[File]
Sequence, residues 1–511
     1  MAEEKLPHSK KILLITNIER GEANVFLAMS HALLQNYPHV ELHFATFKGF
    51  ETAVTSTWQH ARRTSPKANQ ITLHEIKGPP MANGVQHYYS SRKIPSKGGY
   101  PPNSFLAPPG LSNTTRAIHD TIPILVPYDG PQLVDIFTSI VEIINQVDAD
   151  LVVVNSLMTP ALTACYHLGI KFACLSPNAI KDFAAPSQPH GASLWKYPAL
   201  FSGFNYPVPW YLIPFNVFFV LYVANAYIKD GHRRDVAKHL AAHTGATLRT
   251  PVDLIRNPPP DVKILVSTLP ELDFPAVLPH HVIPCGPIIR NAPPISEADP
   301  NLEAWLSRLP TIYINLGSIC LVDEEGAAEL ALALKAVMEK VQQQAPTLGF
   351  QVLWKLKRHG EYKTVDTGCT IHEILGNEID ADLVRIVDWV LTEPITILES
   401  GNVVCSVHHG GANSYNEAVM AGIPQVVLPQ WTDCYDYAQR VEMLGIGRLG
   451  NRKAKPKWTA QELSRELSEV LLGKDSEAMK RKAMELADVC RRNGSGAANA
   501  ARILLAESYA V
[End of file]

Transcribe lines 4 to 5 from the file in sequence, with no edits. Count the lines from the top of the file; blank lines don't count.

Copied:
   101  PPNSFLAPPG LSNTTRAIHD TIPILVPYDG PQLVDIFTSI VEIINQVDAD
   151  LVVVNSLMTP ALTACYHLGI KFACLSPNAI KDFAAPSQPH GASLWKYPAL